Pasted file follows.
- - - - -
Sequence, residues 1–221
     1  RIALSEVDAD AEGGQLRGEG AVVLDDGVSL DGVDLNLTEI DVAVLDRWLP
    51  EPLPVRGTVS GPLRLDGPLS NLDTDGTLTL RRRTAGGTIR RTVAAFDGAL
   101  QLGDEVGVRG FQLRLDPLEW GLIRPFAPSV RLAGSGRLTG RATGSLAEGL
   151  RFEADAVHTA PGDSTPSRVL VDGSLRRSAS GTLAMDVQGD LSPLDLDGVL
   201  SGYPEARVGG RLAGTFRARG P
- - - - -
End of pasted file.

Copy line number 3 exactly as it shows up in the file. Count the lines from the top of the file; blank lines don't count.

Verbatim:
    51  EPLPVRGTVS GPLRLDGPLS NLDTDGTLTL RRRTAGGTIR RTVAAFDGAL